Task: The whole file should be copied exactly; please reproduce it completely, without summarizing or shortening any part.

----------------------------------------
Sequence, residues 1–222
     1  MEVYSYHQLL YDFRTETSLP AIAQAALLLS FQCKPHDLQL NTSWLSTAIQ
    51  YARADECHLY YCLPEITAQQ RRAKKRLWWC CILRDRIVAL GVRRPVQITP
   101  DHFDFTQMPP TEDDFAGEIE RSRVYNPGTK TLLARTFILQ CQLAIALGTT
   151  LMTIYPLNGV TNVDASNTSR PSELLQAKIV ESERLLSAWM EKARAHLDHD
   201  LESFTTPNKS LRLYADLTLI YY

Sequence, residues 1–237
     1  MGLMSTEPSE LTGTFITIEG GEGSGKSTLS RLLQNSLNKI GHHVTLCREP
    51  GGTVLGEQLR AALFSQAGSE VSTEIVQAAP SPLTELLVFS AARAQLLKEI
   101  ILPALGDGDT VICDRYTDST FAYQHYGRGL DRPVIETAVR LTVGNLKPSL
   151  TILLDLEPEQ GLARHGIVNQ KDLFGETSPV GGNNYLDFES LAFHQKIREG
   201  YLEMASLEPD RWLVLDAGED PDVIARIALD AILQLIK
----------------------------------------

Sequence, residues 1–222
     1  MEVYSYHQLL YDFRTETSLP AIAQAALLLS FQCKPHDLQL NTSWLSTAIQ
    51  YARADECHLY YCLPEITAQQ RRAKKRLWWC CILRDRIVAL GVRRPVQITP
   101  DHFDFTQMPP TEDDFAGEIE RSRVYNPGTK TLLARTFILQ CQLAIALGTT
   151  LMTIYPLNGV TNVDASNTSR PSELLQAKIV ESERLLSAWM EKARAHLDHD
   201  LESFTTPNKS LRLYADLTLI YY

Sequence, residues 1–237
     1  MGLMSTEPSE LTGTFITIEG GEGSGKSTLS RLLQNSLNKI GHHVTLCREP
    51  GGTVLGEQLR AALFSQAGSE VSTEIVQAAP SPLTELLVFS AARAQLLKEI
   101  ILPALGDGDT VICDRYTDST FAYQHYGRGL DRPVIETAVR LTVGNLKPSL
   151  TILLDLEPEQ GLARHGIVNQ KDLFGETSPV GGNNYLDFES LAFHQKIREG
   201  YLEMASLEPD RWLVLDAGED PDVIARIALD AILQLIK